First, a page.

AgangSA, believe that white farmers should stop vomiting on the forgiveness of black, which has displayed itself since 1994. They should stop assaulting and murder of farm workers. They must assist in building social cohesion. While AgangSA is not condoning farm attacks or murders, white farmers should minimise their arrogance and recognise that things have changed and they have to share with black people. They must embrace a nonracial society.

If you go to most of these farms, farm workers are treated like animals. When you check where they live, even pigs can go on strike to refuse to live there but our people are subjected to these conditions by the same white farmers, who have no mercy, very sadistic and deriving pleasure from the suffering of our people.

White farmers, like everyone, who benefited from the past, should sacrifice to the betterment of our people. It is the same white farmers who put farm workers into coffins. It is same the same white farmers who shot ... [Interjections.]

The CHIEF WHIP OF THE OPPOSITION: On a point of order.

The HOUSE CHAIRPERSON (MR C T Frolick): Hon Plouamma, would you just take your seat, please? Why are you rising, hon member?

The CHIEF WHIP OF THE OPPOSITION: House Chairperson, it’s a point of order and I wish to refer the annotated digest of rulings in this House. On 28 February, a member rose to a point of order to object to a statement made by another member, and I quote: “white people in this country stole the wealth they have”. There was a considered ruling from the presiding officer at the time, Dr Ranchod around the use of racial stereotyping, which he defined as referring to gross generalisations about alleged negative characteristics possessed by a group, whether made by white people about blacks or for that matter, made by blacks about whites.

I would submit to you, House Chairperson, that there is a gross racial stereotyping of white farmers by the hon Plouamma that has no place in this House. In that particular ruling, the member was ordered to withdraw. I would ask you to please apply your mind to that. [Applause.]

The HOUSE CHAIRPERSON (MR C T Frolick): Hon member, I will check exactly what the member said. Continue with your speech, hon member!

Mr M A PLOUAMMA: House Chair, they shot a black person mistaking them for a baboon. Organisations like Solidarity, Afriforum and Steve Hofmeyer kept quite. It is our held view that those who commit such barbaric deeds invite hatred and revenge.

Evection of farm workers unlawfully from farms is another sign of undermining the gains of our democracy.

In conclusion, white farmers must endeavour to create beneficial relationship with the farm workers and their surrounding communities. We must inculcate the spirit of Ubuntu. They must show remorse and repugnancy it deserves when a farm worker or a member of a community is killed or murdered by a farmer. These will show and go a long way in a harmonious living with communities. Communities will always be valuable in protecting farmers.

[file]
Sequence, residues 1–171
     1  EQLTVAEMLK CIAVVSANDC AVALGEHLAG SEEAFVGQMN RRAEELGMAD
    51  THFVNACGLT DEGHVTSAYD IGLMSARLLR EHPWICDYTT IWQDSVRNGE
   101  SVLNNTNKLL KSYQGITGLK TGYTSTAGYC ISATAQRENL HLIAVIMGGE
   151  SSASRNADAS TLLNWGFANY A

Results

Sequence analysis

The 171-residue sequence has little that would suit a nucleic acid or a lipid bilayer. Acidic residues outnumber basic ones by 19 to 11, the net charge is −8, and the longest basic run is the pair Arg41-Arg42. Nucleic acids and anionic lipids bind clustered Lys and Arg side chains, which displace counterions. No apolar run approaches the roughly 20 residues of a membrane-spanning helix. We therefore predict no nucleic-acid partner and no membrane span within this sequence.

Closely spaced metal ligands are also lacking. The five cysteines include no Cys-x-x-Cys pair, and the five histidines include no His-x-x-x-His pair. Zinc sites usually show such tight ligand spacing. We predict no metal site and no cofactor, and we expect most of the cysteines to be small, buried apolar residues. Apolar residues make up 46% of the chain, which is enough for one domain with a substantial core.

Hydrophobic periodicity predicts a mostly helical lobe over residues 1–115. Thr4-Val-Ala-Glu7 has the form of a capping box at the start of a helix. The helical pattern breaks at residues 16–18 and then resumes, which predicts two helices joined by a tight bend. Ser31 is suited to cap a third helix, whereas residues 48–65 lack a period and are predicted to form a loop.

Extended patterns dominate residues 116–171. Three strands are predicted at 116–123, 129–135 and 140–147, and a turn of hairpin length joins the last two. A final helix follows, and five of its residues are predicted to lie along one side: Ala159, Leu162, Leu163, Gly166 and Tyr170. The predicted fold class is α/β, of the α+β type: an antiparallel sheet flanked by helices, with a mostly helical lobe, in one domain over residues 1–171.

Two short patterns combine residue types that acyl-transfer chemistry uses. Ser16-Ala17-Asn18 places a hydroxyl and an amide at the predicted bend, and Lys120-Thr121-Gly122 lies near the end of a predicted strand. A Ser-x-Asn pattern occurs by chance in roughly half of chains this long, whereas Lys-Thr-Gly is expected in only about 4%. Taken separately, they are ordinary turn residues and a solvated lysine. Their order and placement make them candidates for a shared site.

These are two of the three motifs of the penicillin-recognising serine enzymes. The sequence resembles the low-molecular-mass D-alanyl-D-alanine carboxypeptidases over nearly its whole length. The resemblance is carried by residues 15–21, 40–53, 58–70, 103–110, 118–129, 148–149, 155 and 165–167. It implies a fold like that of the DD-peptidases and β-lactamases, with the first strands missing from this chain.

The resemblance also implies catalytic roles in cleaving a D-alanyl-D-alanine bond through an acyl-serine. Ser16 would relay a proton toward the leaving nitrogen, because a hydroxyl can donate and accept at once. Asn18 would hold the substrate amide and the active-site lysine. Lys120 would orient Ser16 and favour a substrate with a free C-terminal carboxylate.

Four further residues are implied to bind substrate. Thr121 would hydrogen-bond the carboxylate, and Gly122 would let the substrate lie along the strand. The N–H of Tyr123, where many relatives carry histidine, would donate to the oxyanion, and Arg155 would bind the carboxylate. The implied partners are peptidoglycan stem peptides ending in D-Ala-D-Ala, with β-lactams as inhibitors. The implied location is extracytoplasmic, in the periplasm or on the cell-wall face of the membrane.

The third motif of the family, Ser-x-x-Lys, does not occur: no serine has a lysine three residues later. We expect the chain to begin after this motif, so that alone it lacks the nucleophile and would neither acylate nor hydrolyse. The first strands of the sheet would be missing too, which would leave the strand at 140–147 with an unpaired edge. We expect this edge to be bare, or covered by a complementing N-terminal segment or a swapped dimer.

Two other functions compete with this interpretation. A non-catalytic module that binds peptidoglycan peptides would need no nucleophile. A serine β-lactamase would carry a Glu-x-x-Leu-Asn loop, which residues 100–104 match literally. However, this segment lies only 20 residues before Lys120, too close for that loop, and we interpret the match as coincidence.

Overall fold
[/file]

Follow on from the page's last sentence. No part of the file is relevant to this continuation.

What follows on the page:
But we all know that most of these farmers curse the day democracy was ushered in South Africa. They must help in solving socioeconomic problems of our society, and then we can isolate criminals who have no regard for human life. [Time expire.] I thank you.

Mr Z N MBHELE: Chairperson, it is absolutely despicable that we can have the kind of divisive ways of rhetoric that is undermining of the reconciliation agenda in this country as we have just heard. Those kinds of generalisation and stereotypes are exactly the reason why we will continue to have divisions that keep us separated.

Section 205(3) of our Constitution states that the objects of the police service are to prevent, combat and investigate crime, to maintain public order, to protect and secure the inhabitants of the Republic and their property, and to uphold and enforce the law. On all of these points, the South African Police Service, SAPS is struggling and failing when it comes to crime in farm communities and the safety of farm dwellers.

This is not because we don’t know what to do to improve safety and security in these communities, but rather it is because the police service lacks the right leadership, both political and managerial, to address the problem.

The SAPS is the key state institution for ensuring that all people live in safety, free from crime and violence, but it is failing in fulfilling that duty due to poor leadership and skewed priorities that undermine the fight against crime on the ground.

The 2016 White Paper on Policing outlines that the police service must be rooted in a community-centred approach, a key demonstration of which is to be responsive to the vulnerabilities and policing needs of local communities.

To quote the White Paper: “at local level the SAPS must be equipped to respond to the risks, vulnerabilities and policing needs of the disparate communities it serves”.

This echoes the DA’s longstanding call for the localisation of policing through greater autonomy for police stations. Because crime threats vary drastically from community to community, the SAPS approach of a centralised crime-fighting strategy often undermines the ability of police stations to respond to the very specific needs of their communities.

In this regard, there are multiple instances of SAPS failure to be responsive, both structurally and operationally, to the local policing needs of farm communities.